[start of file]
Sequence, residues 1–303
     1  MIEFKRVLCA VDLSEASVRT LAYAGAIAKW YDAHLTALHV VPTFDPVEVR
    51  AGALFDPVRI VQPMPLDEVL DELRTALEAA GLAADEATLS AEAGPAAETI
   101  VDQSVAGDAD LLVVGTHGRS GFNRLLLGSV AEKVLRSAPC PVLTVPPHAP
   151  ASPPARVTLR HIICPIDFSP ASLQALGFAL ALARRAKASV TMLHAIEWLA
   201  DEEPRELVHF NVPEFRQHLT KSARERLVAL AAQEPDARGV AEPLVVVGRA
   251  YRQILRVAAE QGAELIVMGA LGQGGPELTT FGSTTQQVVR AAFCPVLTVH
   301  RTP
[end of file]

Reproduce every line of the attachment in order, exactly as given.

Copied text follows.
Sequence, residues 1–303
     1  MIEFKRVLCA VDLSEASVRT LAYAGAIAKW YDAHLTALHV VPTFDPVEVR
    51  AGALFDPVRI VQPMPLDEVL DELRTALEAA GLAADEATLS AEAGPAAETI
   101  VDQSVAGDAD LLVVGTHGRS GFNRLLLGSV AEKVLRSAPC PVLTVPPHAP
   151  ASPPARVTLR HIICPIDFSP ASLQALGFAL ALARRAKASV TMLHAIEWLA
   201  DEEPRELVHF NVPEFRQHLT KSARERLVAL AAQEPDARGV AEPLVVVGRA
   251  YRQILRVAAE QGAELIVMGA LGQGGPELTT FGSTTQQVVR AAFCPVLTVH
   301  RTP